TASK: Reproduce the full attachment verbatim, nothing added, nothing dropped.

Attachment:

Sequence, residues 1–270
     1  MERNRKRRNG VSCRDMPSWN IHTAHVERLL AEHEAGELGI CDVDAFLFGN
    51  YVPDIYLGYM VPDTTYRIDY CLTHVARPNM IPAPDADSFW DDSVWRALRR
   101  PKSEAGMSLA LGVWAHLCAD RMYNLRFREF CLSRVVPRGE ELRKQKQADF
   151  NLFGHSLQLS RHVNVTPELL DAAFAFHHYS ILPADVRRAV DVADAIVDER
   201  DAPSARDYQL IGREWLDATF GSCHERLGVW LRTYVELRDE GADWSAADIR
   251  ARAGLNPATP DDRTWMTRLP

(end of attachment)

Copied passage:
Sequence, residues 1–270
     1  MERNRKRRNG VSCRDMPSWN IHTAHVERLL AEHEAGELGI CDVDAFLFGN
    51  YVPDIYLGYM VPDTTYRIDY CLTHVARPNM IPAPDADSFW DDSVWRALRR
   101  PKSEAGMSLA LGVWAHLCAD RMYNLRFREF CLSRVVPRGE ELRKQKQADF
   151  NLFGHSLQLS RHVNVTPELL DAAFAFHHYS ILPADVRRAV DVADAIVDER
   201  DAPSARDYQL IGREWLDATF GSCHERLGVW LRTYVELRDE GADWSAADIR
   251  ARAGLNPATP DDRTWMTRLP